0 vues

Transféré par Jessie Sethdavid

Auction material

- May Artcoz Newsletter 2017
- Uncertainty
- SaintGobainChakanPune_071114
- #2
- Weekly Reminder March 17, 2014
- Black Art of Winning Ma Auctions
- 09948070.pdf
- Auction Theory
- Utility Theory & Prospect Theory
- Rule: Acquisition regulations: Head of contracting activity redefined
- q4 answer
- Online Auction Synopsis
- 1-s2.0-S0022053104001991-main
- 1 - Complaint (1)
- L10_L11_ForecastExperimentDebrief050415
- M362K Spring 2017 Course Calendar
- Very Important
- Lesson 2
- PubMatic RTB White Paper
- GMSS

Vous êtes sur la page 1sur 40

© 2017 by McGraw-Hill Education. All Rights Reserved. Authorized only for instructor use in the classroom. No reproduction or distribution without the prior written consent of McGraw-Hill Education.

Learning Objectives

1. Identify strategies to manage risk and uncertainty,

including diversification and optimal search strategies.

2. Calculate the profit-maximizing output and price in an

environment of uncertainty.

3. Explain why asymmetric information about “hidden

actions” or “hidden characteristics” can lead to moral

hazard and adverse selection, and identify strategies for

mitigating these potential problems.

4. Explain how differing auction rules and information

structures impact the incentives in auctions, and

determine the optimal bidding strategies in a variety of

auctions with independent or correlated values.

The Mean and the Variance

Measuring Uncertain Outcomes

• A variable that measures the outcome of an

uncertain event is called a random variable.

– Probabilities can be attached to different values of a

random variable that denote the chance that a value

occurs.

• Information about uncertain outcomes can be

summarized by the mean (or, expected value)

and variance of a random variable.

The Mean and the Variance

• The mean of a random variable is the sum of the

probabilities that different outcomes will occur

multiplied by the resulting payoffs.

• If 𝑥1 , 𝑥2 , … , 𝑥𝑛 denote the possible outcomes of

the random variable and 𝑞1 , 𝑞2 , … , 𝑞𝑛 the

corresponding probabilities of the outcomes, then

the mean of 𝑥 is:

𝐸 𝑥 = 𝑞1 𝑥1 + 𝑞2 𝑥2 + … + 𝑞𝑛 𝑥𝑛

, where 𝑞1 + 𝑞2 , + ⋯ + 𝑞𝑛 = 1.

• The mean does not provide information about the

risk associated with the random variable.

© 2017 by McGraw-Hill Education. All Rights Reserved. 12-4

The Mean and the Variance

Measuring Uncertain Outcomes:

Variance and Standard Deviation

• The variance of a random variable is the sum of the

probabilities that different outcomes will occur multiplied

by the squared deviation from the mean of the resulting

payoffs.

• If 𝑥1 , 𝑥2 , … , 𝑥𝑛 denote the possible outcomes of the

random variable, their corresponding probabilities are

𝑞1 , 𝑞2 , … , 𝑞𝑛 , and the expected value of 𝑥 is 𝐸 𝑥 , then

the variance of 𝑥 is:

𝜎2

= 𝑞1 𝑥1 − 𝐸 𝑥 2 + 𝑞2 𝑥2 − 𝐸 𝑥 2 + …

+ 𝑞𝑛 𝑥𝑛 − 𝐸 𝑥 2

• The variance is a common measure of risk.

• The standard deviation is the positive square root of the

variance: 𝜎 = 𝜎 2 . © 2017 by McGraw-Hill Education. All Rights Reserved.

12-5

Uncertainty and Consumer Behavior

Risk Aversion

• Attitudes toward risk differ among consumers.

– A risk-averse consumer prefers a sure amount of $𝑀

to a risky prospect with an expected value of $𝑀.

– A risk-loving consumer prefers a risky prospect with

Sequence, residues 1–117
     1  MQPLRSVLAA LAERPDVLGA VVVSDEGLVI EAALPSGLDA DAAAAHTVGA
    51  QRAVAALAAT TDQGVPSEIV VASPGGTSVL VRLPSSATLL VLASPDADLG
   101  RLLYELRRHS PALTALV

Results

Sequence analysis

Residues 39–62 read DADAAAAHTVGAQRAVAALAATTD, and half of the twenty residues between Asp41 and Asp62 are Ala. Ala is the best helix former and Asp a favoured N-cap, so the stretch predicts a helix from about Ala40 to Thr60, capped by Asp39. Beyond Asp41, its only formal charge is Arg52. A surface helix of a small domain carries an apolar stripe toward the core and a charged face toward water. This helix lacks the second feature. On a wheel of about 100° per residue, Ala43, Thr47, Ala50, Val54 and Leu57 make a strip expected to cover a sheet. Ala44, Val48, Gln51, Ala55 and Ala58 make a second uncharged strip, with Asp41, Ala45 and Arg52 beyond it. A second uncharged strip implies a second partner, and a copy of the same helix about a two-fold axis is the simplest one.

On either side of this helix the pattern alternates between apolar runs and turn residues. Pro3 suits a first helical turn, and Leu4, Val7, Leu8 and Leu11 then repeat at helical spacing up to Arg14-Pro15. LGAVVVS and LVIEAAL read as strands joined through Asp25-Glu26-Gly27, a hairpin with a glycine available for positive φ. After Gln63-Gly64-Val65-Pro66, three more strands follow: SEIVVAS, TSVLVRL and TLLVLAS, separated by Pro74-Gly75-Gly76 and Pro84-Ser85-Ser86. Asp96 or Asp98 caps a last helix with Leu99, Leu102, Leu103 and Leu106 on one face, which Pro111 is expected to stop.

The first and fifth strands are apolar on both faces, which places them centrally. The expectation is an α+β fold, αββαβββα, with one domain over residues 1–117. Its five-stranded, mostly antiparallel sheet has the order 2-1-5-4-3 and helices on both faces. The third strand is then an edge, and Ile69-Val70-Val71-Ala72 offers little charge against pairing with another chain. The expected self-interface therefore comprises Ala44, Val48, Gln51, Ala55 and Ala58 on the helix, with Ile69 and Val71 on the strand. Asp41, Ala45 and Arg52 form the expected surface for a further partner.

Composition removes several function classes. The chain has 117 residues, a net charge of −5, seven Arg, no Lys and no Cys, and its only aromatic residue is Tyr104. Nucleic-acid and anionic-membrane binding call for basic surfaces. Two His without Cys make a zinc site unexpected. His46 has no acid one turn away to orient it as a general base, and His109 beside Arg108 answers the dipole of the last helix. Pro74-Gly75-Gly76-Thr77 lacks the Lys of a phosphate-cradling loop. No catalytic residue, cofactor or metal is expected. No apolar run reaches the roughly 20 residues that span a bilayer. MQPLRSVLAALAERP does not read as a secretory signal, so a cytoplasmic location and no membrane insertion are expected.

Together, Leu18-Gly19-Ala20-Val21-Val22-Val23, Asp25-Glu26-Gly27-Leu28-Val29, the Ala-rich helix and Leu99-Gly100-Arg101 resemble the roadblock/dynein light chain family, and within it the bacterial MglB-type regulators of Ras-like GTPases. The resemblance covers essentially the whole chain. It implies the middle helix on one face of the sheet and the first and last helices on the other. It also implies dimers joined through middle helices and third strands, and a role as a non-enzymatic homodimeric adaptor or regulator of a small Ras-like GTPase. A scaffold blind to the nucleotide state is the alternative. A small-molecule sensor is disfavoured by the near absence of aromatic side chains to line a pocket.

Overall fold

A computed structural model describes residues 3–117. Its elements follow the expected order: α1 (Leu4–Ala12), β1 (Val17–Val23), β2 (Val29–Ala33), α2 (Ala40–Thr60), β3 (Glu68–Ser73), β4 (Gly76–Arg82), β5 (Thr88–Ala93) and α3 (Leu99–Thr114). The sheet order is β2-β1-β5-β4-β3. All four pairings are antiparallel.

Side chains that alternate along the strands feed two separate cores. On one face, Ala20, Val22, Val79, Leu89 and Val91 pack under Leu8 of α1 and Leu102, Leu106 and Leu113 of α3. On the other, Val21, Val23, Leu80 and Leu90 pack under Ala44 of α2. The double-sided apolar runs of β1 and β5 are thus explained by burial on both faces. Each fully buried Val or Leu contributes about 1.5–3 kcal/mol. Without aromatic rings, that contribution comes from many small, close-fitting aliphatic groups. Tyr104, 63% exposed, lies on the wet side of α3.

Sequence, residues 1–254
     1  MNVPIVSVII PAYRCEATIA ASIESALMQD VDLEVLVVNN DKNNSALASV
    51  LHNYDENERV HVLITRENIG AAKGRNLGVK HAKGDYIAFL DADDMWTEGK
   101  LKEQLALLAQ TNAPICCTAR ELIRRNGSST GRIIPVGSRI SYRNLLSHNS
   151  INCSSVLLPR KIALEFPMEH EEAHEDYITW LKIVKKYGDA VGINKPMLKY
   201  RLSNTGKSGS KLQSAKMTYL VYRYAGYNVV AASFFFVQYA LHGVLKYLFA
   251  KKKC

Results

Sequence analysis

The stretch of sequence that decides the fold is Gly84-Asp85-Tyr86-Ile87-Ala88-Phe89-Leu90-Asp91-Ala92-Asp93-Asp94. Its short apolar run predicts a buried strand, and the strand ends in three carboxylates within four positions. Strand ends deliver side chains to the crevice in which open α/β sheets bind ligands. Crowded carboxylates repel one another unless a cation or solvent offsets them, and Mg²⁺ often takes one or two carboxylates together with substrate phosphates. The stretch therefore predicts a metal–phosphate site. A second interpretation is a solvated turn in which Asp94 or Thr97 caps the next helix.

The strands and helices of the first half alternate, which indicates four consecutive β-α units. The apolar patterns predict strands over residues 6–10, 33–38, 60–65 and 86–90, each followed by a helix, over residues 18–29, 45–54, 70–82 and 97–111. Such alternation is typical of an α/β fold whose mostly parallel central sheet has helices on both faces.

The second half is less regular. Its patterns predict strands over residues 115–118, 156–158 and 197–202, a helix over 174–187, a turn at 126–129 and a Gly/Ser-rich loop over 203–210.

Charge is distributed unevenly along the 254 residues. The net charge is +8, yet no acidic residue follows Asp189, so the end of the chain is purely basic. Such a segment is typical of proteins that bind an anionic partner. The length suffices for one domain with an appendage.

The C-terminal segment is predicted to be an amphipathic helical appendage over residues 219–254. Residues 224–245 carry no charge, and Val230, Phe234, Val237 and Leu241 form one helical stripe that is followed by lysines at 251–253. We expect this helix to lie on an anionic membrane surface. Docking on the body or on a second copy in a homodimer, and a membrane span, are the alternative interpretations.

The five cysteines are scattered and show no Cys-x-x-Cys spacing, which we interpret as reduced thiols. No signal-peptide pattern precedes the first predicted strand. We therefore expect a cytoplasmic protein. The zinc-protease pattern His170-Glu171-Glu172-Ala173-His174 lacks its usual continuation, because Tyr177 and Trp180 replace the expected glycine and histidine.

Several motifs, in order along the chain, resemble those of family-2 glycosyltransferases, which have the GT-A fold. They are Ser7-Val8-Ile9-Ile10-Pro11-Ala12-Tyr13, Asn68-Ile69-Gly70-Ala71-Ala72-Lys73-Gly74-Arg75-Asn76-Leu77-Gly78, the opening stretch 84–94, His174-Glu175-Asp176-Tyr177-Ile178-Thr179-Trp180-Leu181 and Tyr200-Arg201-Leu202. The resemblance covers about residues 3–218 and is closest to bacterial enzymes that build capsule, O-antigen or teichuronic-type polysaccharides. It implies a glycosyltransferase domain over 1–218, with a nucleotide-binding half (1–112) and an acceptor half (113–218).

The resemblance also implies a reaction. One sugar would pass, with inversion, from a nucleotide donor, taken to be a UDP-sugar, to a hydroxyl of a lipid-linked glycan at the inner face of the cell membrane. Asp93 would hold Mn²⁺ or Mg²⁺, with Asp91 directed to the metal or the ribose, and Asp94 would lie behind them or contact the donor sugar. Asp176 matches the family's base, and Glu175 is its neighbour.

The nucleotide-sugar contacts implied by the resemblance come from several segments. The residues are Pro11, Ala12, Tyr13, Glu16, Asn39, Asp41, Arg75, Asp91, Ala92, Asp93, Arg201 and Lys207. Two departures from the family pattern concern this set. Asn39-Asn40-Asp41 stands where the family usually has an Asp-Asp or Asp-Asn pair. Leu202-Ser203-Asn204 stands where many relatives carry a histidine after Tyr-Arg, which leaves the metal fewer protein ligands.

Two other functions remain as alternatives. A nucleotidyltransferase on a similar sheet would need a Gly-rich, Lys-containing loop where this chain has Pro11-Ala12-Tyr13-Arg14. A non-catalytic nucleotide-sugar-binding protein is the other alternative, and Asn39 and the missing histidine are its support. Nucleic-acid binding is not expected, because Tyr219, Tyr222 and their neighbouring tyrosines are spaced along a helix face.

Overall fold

an expected value of $𝑀 to a sure amount of $𝑀.

– A risk-neutral consumer is indifferent between a

risky prospect with an expected value of $𝑀 and a

sure amount of $𝑀.

Uncertainty and Consumer Behavior

Managerial Decisions with

Risk-Averse Consumers: Product Quality

• Risk analysis can used to examine situations where

consumers are uncertain about product quality.

• Consider a consumer who regularly uses Brand X. If a

new product enters the market, Brand Y, under what

conditions will the consumer be willing to try the new

product?

– Issues to overcome and consider:

• Relative certainty about Brand X.

• At equal prices among other things, a risk averse consumer will

continue to purchase Brand X, since a risk averse consumer prefers

the sure thing (Brand X) to a risky prospect (Brand Y).

– Two tactics can be employed to induce a risk averse

consumer to try a new product:

• Lower the price of Brand Y.

• Try to convince consumer the new product’s quality is higher than the

old product. © 2017 by McGraw-Hill Education. All Rights Reserved.

12-7

Managerial Decisions with Risk-

Averse Consumers

• Chain stores: may be in a firm’s best interest to

become part of a chain store

– Standardization, reputation, increased chance of

survival

• Online reviews

• Insurance: the fact that consumers are risk

averse implies they are willing to pay to avoid

risk.

Uncertainty and Consumer Behavior

Consumer Search

• To identify the low-price seller from among

many firms selling an identical product,

consumers sometimes incur a cost, 𝑐, to obtain

each price quote.

• After observing each price quote, a consumer

faces must weigh the expected benefit from

acquiring an additional price quote with the

additional cost.

Uncertainty and Consumer Behavior

Consumer Search

• Suppose that three-quarters of stores in a market

charge $100 and one-quarter charge $40.

– A consumer observing a price of $40 should stop

searching since there is no price below $40.

– What should a risk-neutral consumer do after observing

a price of $100, if search occurs with free recall and

with replacement?

• One-quarter of the time the consumer will save $100 − $40 =

$60.

• Three-quarters of the time the consumer will save nothing.

• The expected benefit from an additional search is: 𝐸𝐵 =

1 3

$100 − $40 + $100 − $100 = $15.

4 4

• A consumer should search for a lower price as long as the